Brute Squad Interludes Writing

Interlude: Ancient History

Merilin woke to the feeling of cold, damp stone pressed against their cheek. Something jabbed into their side–last night’s dinner, a raw vegetable of some sort. Naeris, their mother had called it. Their mother! Where was she? Where was father? Merilin scrambled to their feet and looked around, but the alleyway was deserted. “Mama! Papa!” they called, but the only answer was a mocking echo. They didn’t understand–both if them had been here last night. Mama had sung their favourite song to help them sleep, but now…“Mama! Papa!”

A passing stranger–a dwarf, Merilin thought–looked toward the source of the cries, muttered something in a strange, harsh language, and kept moving.

“Mama! Papa!”


Cold, damp, and shivering, the small elf child cowered in the alleyway. It had rained during the afternoon, and they had been driven away from shelter by violent strangers. They had managed to steal another naeris from a vegetable merchant, but it was unfulfilling and tasted foul. They hadn’t found their parents today, just like yesterday. They sniffed back another sob, and kept eating.


“Hey!”

The elf child started awake, a finger prodding their cheek. A large girl with greenish-gray skin and prominent tusks was staring down at them.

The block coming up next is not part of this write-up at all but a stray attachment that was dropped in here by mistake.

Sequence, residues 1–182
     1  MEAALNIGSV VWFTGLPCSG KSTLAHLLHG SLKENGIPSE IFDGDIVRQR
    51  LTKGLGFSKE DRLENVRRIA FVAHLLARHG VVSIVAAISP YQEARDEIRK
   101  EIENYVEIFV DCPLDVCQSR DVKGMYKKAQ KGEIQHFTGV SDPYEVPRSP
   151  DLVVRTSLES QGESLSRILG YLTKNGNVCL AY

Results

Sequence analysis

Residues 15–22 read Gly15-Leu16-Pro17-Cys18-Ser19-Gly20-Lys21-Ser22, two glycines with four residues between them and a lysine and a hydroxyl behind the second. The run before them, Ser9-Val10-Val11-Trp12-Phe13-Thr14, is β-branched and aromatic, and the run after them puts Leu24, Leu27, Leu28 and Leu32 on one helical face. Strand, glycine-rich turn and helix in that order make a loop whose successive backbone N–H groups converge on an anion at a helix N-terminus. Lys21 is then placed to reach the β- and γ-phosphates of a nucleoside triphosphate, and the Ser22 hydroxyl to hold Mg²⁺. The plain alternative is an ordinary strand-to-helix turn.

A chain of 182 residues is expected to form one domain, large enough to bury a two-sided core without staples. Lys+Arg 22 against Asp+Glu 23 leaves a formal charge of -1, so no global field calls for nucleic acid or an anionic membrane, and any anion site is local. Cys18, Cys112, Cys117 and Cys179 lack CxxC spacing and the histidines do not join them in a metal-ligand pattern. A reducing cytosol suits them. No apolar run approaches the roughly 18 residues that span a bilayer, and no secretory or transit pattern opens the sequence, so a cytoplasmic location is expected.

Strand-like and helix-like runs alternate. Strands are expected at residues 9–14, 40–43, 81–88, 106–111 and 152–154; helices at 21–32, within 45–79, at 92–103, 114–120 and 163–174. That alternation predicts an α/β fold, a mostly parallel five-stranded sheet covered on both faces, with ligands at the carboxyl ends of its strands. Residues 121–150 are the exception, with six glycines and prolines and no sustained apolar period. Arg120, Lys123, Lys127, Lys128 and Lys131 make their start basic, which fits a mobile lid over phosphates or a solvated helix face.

“What?” the elf responded in Elvish.

“Ugh,” she turned to look behind her, and the elf realised that there were a small group of other children behind her. “Anyone speak elf?”

The other children shook their heads.

“Well, we can’t just leave… uh… them here.”

“Can’t we?” a human boy asked. “We barely have enough to eat ourselves!”

The half-orc nudged the small pile of turnips near the elf. “Looks like they can fend for themselves. Probably been here a while–we could use another pair of hands and eyes.”

The elf looked at her in confusion, her words meaning nothing to them.

The half-orc smiled, and held out a loaf of bread. “Here, this’ll be better than those turnips you’ve been eating.”

“Turnip”, a small black-feathered child repeated. “Good name.”


In a tree overlooking the ghostly ruins of Crossroads, Naeris stared at a scrap of paper.

Merilin,” they said aloud for the first time in 30 years, tasting the shape of their name on their tongue. It felt awkward, but well-fitting, like a newly tailored set of leather armour.

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